307 Mass. 106

September 19, 1940 - October 30, 1940

Hampden County


In a suit to enjoin prosecution in another State of an action of which the courts of both that State and this Commonwealth had jurisdiction, a difference in procedure and the possibility of a larger verdict in the other State fell short of showing that a fair trial could not there be had and were not proper subjects for consideration.

Upon findings by a master, a suit by a railroad corporation operating in Rensselaer County in the State of New York and in the counties of Franklin and Hampden in this Commonwealth, to enjoin prosecution in Rensselaer County of an action of tort under the Federal employers' liability act for causing in the county of Franklin the death of the plaintiff's intestate who resided in the county of Hampden, as did the plaintiff, rightly was dismissed, no greater differential of convenience and expense being shown than often exists where a plaintiff has a choice of venue as between two counties in this Commonwealth, and only a slight burden upon interstate commerce appearing.

BILL IN EQUITY, filed in the Superior Court on March 17, 1939, and afterwards amended.

A final decree was entered by order of Giles, J., dismissing the bill. The plaintiff appealed.

R. W. Hall, for the plaintiff.

T. J. Collins, for the defendant.

QUA, J. The purpose of this bill is to restrain the defendant from prosecuting an action under the Federal employers' liability act brought by her in the Supreme Court in Rensselaer County in the State of New York to recover damages for the death of her intestate, who was killed while employed by the plaintiff as a brakeman.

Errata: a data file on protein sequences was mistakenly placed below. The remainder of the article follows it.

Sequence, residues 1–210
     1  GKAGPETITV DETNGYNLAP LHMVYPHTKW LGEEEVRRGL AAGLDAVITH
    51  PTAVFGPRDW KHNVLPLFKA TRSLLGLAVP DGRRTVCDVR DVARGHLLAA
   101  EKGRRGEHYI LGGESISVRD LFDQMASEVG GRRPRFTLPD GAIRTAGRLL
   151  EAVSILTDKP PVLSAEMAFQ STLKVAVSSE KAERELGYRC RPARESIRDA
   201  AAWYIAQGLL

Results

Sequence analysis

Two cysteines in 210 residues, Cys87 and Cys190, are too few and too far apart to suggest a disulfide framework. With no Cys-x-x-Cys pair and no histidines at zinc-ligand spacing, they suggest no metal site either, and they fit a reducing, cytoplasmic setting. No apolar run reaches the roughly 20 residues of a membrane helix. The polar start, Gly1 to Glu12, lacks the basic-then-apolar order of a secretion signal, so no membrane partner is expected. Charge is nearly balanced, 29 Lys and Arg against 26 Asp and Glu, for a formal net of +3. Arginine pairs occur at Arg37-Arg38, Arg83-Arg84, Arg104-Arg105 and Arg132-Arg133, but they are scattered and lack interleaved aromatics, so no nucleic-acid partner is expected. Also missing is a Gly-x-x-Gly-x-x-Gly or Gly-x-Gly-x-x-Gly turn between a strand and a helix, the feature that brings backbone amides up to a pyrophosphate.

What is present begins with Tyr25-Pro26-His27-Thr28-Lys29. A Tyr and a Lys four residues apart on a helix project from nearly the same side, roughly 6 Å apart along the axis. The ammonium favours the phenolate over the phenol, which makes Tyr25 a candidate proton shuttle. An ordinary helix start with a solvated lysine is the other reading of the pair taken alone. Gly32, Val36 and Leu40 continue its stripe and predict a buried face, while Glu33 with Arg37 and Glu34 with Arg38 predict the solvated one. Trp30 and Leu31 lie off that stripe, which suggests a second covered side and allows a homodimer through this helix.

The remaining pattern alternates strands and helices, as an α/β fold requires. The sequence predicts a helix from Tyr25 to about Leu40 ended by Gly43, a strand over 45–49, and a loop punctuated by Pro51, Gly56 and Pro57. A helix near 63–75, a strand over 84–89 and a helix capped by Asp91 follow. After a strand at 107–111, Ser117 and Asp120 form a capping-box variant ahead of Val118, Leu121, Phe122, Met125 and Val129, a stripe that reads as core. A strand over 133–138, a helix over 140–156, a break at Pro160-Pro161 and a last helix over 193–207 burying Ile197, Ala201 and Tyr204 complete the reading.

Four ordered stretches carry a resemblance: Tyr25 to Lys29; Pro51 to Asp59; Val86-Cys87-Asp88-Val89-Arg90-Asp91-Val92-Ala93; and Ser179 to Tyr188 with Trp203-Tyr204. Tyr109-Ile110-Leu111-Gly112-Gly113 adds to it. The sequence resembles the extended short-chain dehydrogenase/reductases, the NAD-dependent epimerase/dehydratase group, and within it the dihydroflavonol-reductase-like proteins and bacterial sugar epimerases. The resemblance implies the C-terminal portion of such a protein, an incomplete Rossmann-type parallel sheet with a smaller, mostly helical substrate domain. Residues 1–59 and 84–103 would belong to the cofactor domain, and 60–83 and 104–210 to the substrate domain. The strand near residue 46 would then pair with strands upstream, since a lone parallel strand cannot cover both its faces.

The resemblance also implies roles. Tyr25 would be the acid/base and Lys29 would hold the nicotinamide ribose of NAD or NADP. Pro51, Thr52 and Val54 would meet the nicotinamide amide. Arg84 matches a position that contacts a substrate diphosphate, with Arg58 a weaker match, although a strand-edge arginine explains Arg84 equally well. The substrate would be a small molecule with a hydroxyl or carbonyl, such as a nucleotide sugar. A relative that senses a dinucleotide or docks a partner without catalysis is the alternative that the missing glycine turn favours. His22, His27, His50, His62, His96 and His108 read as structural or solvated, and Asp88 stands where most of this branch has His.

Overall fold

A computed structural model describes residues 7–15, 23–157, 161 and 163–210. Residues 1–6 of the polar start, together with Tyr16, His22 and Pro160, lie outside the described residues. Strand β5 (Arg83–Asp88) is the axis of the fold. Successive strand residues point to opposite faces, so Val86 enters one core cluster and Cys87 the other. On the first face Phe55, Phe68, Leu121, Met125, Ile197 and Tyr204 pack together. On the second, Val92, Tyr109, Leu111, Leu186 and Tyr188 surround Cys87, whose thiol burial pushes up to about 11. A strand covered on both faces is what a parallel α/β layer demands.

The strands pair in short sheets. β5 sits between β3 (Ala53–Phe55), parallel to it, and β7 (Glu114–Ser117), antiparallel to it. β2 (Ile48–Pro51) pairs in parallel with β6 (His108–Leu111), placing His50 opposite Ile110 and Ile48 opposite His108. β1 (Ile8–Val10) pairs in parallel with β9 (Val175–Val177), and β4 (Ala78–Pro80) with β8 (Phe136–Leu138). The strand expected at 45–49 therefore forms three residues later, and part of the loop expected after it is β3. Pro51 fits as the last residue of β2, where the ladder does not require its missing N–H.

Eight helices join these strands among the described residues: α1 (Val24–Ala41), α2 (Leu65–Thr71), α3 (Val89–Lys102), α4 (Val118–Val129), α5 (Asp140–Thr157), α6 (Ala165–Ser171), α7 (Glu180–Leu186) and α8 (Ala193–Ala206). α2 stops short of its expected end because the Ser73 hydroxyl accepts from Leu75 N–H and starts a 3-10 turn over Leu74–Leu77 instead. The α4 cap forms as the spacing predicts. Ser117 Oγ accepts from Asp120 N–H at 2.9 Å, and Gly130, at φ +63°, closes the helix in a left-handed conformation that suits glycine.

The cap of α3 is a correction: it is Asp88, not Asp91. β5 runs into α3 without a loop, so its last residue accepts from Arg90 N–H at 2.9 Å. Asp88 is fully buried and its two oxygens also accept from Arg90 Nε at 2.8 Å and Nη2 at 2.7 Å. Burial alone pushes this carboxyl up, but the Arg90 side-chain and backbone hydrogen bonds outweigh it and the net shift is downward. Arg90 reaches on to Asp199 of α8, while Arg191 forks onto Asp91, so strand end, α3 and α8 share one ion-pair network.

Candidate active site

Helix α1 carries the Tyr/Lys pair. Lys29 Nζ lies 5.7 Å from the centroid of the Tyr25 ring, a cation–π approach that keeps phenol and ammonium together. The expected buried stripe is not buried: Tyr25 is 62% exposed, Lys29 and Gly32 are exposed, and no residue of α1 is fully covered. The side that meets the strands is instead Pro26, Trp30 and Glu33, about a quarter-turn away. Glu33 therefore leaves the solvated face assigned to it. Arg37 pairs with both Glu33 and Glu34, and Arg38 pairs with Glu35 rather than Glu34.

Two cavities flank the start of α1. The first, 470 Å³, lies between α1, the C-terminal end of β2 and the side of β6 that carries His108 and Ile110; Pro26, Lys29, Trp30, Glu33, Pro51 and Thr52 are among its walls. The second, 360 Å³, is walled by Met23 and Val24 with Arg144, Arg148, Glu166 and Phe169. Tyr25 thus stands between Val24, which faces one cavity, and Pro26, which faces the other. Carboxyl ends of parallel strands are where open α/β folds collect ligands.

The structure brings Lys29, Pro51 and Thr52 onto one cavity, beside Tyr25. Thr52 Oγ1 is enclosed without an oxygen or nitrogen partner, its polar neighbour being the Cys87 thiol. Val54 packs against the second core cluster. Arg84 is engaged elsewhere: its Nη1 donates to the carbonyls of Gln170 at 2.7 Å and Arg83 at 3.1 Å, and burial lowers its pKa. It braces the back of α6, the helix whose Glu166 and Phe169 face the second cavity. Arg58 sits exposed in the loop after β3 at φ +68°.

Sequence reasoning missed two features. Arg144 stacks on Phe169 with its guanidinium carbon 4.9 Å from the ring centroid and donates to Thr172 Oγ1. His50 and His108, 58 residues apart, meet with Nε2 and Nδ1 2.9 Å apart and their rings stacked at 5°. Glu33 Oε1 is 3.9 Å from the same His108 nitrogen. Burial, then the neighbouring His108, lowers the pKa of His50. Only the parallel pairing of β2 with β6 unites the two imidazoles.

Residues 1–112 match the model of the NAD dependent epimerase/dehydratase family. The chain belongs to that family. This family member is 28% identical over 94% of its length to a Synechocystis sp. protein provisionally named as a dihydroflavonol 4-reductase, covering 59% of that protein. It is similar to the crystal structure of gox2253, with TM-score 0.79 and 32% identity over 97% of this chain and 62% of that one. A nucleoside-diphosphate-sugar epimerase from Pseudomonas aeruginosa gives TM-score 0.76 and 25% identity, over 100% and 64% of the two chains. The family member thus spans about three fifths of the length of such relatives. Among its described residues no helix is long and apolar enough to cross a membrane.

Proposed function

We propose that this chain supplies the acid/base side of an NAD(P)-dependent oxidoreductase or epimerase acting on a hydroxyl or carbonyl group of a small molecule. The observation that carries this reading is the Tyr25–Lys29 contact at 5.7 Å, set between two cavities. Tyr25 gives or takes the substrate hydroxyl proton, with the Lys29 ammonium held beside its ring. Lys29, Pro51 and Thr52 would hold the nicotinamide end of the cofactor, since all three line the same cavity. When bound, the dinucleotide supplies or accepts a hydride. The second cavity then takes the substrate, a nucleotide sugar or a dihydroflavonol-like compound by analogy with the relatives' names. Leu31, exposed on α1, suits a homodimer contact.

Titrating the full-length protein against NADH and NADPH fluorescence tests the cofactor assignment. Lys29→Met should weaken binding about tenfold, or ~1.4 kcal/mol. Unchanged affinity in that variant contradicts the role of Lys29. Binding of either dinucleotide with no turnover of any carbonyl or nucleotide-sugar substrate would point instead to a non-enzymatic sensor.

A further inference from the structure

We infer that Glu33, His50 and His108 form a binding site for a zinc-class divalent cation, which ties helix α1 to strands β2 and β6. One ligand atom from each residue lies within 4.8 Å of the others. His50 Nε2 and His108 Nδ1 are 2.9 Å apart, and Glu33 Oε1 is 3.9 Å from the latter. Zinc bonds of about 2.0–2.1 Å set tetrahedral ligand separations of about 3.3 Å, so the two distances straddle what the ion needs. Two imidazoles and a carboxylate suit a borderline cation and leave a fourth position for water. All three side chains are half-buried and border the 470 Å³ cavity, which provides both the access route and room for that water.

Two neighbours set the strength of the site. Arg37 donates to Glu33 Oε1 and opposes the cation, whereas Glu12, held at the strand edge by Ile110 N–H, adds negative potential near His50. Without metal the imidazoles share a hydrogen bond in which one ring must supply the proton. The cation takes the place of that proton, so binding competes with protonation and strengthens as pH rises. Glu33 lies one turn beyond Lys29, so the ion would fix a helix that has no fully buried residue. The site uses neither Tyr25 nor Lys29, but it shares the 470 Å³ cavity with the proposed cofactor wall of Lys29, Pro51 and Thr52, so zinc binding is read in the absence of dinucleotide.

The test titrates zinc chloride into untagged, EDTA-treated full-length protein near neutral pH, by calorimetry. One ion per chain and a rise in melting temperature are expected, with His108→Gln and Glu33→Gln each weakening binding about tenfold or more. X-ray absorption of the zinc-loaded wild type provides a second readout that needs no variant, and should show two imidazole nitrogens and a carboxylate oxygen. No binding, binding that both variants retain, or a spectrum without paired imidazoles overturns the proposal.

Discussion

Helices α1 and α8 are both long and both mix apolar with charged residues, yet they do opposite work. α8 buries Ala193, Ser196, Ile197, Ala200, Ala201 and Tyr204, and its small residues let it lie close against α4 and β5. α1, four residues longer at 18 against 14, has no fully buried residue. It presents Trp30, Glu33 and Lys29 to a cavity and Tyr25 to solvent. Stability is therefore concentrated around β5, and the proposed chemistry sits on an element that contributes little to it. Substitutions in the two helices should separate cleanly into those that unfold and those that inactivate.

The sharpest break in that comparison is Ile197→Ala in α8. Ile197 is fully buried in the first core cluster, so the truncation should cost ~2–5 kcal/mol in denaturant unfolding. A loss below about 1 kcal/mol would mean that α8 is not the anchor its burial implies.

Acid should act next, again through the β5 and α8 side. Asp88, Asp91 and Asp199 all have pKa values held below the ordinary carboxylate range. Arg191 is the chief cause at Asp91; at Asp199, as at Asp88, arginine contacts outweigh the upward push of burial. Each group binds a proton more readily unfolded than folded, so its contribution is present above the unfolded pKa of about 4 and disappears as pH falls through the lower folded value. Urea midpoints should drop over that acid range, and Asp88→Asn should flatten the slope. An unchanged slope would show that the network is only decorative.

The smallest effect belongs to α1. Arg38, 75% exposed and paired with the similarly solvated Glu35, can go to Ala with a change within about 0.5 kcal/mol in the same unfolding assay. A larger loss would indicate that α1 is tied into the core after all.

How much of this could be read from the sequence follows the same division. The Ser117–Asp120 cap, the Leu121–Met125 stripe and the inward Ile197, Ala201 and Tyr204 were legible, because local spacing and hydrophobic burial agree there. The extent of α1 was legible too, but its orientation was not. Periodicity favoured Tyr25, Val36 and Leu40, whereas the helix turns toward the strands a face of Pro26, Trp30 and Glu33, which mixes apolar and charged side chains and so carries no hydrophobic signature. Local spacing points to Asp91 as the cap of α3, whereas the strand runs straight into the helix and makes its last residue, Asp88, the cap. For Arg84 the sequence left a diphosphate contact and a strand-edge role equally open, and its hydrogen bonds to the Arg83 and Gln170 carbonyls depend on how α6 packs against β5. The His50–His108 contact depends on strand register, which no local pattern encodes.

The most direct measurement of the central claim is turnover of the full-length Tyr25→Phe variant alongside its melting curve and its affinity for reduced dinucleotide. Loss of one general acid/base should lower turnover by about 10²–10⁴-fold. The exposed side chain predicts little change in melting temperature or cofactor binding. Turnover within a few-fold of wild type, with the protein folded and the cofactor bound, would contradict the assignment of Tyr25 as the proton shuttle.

The accident occurred at Deerfield in the county of Franklin in this Commonwealth. The deceased was a resident of Springfield in the county of Hampden in this Commonwealth.

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The defendant is his widow and is likewise a resident of Springfield. She was appointed administratrix by the Probate Court at Springfield. The plaintiff is incorporated under the laws of Massachusetts "and of other States" and operates its railroad in all three of the counties named. The defendant could sue the plaintiff in the county of Franklin, in which event the trial would take place at Greenfield, which is about a mile and a half from the railroad yards at East Deerfield. The defendant could also sue the plaintiff in the county of Hampden, in which event the trial would take place at Springfield, which is about thirty-three miles from Deerfield. The action which has been brought in Rensselaer County will be tried at Troy, New York, which is about ninety-one miles from Deerfield.

Other pertinent findings by a master are these: The railroad corporation will require as witnesses for the defence of the action against it sixteen of its employees and possibly two more. These include a train crew, a yard crew, a track crew, two civil engineers, an air brake inspector, a track supervisor, and a yardmaster. All of these live in Greenfield or Springfield, except one who lives in Ayer, Massachusetts, one in Boston, Massachusetts, one in Concord, New Hampshire, and one in Troy, New York. The work performed by these men can readily be performed by substitutes in their absence, except in the instances of the night yardmaster at East Deerfield, a yard foreman, a track supervisor and an engineer. As to these four men the findings may be fairly summarized by saying that they perform important duties requiring special experience; that their absence will cause some inconvenience, and the work will not be done quite as well without them, but that there are others who can be called in to take charge; and that the work of the railroad will go on without these men in at least a reasonably satisfactory manner. The run from Greenfield to Springfield averages just short of an hour, while that from Greenfield to Troy averages about two and one half hours. If the trial takes place in Troy the witnesses will be absent from their work for at least two days, and it will be necessary to board and lodge them at a daily